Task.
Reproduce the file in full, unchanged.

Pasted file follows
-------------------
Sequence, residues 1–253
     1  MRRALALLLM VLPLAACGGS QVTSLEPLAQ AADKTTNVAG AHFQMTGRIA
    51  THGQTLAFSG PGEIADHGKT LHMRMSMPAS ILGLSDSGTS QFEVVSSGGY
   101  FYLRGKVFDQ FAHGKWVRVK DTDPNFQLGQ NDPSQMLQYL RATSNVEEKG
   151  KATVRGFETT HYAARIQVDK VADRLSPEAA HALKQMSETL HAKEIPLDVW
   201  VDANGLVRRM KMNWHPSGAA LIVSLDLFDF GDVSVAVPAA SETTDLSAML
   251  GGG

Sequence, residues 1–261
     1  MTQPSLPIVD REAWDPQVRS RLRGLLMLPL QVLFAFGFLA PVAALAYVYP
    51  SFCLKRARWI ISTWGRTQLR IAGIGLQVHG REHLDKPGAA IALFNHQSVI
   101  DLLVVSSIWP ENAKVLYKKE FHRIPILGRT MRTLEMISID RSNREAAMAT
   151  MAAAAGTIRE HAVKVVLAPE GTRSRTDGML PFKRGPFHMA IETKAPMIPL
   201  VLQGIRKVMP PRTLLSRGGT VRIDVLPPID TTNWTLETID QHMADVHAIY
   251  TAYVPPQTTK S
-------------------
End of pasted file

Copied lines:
Sequence, residues 1–253
     1  MRRALALLLM VLPLAACGGS QVTSLEPLAQ AADKTTNVAG AHFQMTGRIA
    51  THGQTLAFSG PGEIADHGKT LHMRMSMPAS ILGLSDSGTS QFEVVSSGGY
   101  FYLRGKVFDQ FAHGKWVRVK DTDPNFQLGQ NDPSQMLQYL RATSNVEEKG
   151  KATVRGFETT HYAARIQVDK VADRLSPEAA HALKQMSETL HAKEIPLDVW
   201  VDANGLVRRM KMNWHPSGAA LIVSLDLFDF GDVSVAVPAA SETTDLSAML
   251  GGG

Sequence, residues 1–261
     1  MTQPSLPIVD REAWDPQVRS RLRGLLMLPL QVLFAFGFLA PVAALAYVYP
    51  SFCLKRARWI ISTWGRTQLR IAGIGLQVHG REHLDKPGAA IALFNHQSVI
   101  DLLVVSSIWP ENAKVLYKKE FHRIPILGRT MRTLEMISID RSNREAAMAT
   151  MAAAAGTIRE HAVKVVLAPE GTRSRTDGML PFKRGPFHMA IETKAPMIPL
   201  VLQGIRKVMP PRTLLSRGGT VRIDVLPPID TTNWTLETID QHMADVHAIY
   251  TAYVPPQTTK S